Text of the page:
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Find the Right Coordinate Measuring Machine for the Job

In North America, increased accuracy and efficiency have been the goals of technological investment in quality assurance, largely in coordinate measuring machines and related inspection tools. If you need to introduce new metrology to your shop to accurately inspect a new part on your production line, it’s important that you take this opportunity to find the tool that’s best suited to the job. A metrology vendor can help you find the machine that matches your accuracy and range requirements, but below you will find a guide explaining which types of metrology equipment are best suited for different parts.
Small to Medium Parts
When you’re dealing with small to medium parts that require high precision measurement, you’re best off using a traditional CMM. Automated coordinate measuring machines provide the fastest measurements for 3D components that fit on their table and are relatively easy to load. Depending on the size and shape of the part, you may want to consider bridge, gantry, horizontal, vertical, and shop floor models. Gantry, horizontal, and vertical types can occupy enormous footprints in your shop, but they provide automated measurements of larger components, while shop floor types can control for temperature fluctuations and won’t be harmed by contaminants in shop floor air. You can find out more about different types of mainstay coordinate measuring machines by visiting and learning about the purposes for which these instruments were made.
Large Parts
The cumbersome nature of very large parts such as you might see in the automotive and aerospace industries means that it’s difficult to achieve fully automated inspection. However, both portable arms and laser trackers offer valuable ways to cut down on labor hours when you’re inspecting these kinds of components. Portable options like the ROMER Arm available from vendors like Canadian Measurement Metrology (CMM) are easy to manually operate and they have an unparalleled range compared to their accuracy. Meanwhile, laser trackers can offer high speeds as they collect data from lasers bouncing off of an SMR (spherically mounted retro-reflector) held against the component to be inspected.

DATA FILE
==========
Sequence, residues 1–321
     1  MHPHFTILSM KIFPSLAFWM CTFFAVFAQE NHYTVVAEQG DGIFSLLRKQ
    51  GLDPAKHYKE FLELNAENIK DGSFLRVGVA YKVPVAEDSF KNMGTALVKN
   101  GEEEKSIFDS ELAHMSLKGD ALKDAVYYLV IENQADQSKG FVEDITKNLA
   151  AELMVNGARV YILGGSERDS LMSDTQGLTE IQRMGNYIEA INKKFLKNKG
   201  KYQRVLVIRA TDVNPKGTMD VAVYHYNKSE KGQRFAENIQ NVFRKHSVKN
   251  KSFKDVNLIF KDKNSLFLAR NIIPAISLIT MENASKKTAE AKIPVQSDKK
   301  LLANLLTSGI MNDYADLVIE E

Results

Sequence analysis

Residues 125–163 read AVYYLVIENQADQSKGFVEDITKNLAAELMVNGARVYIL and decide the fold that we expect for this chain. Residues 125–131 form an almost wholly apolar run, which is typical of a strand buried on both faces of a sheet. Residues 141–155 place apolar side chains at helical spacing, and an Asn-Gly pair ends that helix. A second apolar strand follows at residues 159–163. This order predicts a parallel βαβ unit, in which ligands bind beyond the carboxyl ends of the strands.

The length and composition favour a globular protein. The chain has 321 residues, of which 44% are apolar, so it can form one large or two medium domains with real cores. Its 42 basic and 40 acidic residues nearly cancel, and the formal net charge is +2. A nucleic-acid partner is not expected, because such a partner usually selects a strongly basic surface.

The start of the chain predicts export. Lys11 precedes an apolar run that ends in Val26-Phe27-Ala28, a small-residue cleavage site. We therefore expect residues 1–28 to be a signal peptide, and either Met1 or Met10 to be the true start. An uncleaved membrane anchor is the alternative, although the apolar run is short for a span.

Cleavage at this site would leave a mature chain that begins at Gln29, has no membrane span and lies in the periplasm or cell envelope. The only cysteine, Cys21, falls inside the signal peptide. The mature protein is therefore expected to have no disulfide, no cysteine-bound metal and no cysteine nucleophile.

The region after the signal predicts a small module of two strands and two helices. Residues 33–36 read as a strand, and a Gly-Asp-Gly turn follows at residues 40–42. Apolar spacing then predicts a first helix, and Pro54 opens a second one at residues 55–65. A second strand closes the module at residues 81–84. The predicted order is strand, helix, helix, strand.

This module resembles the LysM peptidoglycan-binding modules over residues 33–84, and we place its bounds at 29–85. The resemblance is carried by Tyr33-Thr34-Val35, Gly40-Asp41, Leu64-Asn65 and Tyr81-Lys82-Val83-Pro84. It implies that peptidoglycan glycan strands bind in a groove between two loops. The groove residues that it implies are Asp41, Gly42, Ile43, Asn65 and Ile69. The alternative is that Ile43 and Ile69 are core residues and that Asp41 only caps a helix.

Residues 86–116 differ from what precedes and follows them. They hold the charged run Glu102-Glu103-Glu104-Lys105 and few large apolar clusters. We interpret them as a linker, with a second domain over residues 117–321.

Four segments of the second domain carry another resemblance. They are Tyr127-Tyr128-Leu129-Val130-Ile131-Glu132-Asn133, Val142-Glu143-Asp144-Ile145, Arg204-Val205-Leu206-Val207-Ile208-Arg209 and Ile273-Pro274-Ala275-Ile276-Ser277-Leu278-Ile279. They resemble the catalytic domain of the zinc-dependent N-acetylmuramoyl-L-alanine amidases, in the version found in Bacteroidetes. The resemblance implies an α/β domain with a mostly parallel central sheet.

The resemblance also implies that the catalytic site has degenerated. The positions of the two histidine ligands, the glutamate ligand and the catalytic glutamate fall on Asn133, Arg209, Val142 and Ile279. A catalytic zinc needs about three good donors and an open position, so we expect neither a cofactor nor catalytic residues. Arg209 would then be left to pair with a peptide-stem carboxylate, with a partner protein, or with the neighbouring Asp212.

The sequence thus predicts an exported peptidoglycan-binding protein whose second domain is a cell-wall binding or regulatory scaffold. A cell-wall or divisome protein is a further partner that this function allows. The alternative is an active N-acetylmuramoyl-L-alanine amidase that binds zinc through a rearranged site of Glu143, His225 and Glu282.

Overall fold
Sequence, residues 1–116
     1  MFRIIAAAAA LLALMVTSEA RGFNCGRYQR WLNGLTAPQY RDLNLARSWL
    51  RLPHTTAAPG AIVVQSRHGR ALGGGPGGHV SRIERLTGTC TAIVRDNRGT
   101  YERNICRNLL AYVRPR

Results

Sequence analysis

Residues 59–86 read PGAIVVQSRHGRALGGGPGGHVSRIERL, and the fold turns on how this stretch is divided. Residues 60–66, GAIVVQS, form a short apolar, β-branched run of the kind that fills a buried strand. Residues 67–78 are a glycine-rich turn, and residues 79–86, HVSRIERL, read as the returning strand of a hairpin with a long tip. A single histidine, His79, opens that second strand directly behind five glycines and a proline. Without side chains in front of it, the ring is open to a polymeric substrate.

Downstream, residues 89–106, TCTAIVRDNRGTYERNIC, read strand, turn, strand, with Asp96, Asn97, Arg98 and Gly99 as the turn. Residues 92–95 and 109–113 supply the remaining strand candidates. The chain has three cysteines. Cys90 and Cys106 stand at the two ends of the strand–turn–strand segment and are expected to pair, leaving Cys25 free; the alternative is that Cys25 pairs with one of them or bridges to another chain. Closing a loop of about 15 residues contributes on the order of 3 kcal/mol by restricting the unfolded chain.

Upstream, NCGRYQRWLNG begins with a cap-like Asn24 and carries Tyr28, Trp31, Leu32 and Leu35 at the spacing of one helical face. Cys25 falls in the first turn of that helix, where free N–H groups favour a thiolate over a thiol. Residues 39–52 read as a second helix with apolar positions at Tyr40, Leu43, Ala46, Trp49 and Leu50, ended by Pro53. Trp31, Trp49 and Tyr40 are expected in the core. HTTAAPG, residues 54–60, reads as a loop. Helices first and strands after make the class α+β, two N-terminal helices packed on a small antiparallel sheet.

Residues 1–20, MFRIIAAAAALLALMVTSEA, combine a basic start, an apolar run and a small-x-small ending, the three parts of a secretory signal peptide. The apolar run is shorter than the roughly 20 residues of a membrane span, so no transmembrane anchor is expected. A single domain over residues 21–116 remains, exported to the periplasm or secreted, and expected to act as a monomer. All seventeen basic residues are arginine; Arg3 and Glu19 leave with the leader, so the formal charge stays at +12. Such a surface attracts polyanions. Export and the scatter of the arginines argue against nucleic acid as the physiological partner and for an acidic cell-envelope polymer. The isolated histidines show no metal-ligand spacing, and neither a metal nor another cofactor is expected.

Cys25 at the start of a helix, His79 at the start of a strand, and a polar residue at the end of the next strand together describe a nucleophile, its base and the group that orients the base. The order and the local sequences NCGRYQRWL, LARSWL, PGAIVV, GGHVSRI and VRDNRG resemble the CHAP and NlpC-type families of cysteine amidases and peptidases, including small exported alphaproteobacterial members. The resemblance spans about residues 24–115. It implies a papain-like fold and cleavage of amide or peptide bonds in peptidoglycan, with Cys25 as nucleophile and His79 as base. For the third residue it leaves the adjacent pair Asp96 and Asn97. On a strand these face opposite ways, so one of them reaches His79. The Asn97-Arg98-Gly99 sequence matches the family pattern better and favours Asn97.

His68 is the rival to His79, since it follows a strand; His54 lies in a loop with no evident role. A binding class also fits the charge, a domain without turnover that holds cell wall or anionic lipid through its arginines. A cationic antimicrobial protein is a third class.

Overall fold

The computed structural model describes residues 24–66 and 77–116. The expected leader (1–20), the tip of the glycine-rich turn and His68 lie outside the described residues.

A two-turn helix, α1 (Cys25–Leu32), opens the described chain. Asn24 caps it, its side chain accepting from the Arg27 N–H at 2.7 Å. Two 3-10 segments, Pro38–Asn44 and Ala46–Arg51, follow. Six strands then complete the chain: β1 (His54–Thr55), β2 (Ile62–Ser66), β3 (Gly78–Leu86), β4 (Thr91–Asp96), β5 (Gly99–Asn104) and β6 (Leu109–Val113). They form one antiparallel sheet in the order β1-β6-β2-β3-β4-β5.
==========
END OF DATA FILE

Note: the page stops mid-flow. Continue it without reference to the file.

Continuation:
Very Small or Malleable Parts
When you’re dealing with soft or malleable parts (i.e., the seat of a car), very small parts (i.e., circuits), or components made with a material that would affect the way a laser bounces from it, the only solution may be a multisensor vision system. Unfortunately, optical solutions like these are limited in accuracy because of camera resolution, but they can inspect niche components that other methods cannot. They are particularly powerful and flexible when they’re combined with contact probes, and they are easily added to any kind of coordinate measuring machine, which can renew their usefulness as your product line changes. Anytime you buy a measuring instrument for a specific product line, you have to calculate the ROI on what could be a limited number of orders, so it’s always a good plan to consider future adaptability.
The size and specifics of your component are not the only aspects you need to take into consideration, as you should also keep in mind your inspection department’s relation to the production line. Will automated inspection save you that much time if you can’t work out a way to quickly load components on the measuring table? Consult with a metrology dealer and find the solution that will keep your production line running without any bottlenecks in the inspection department.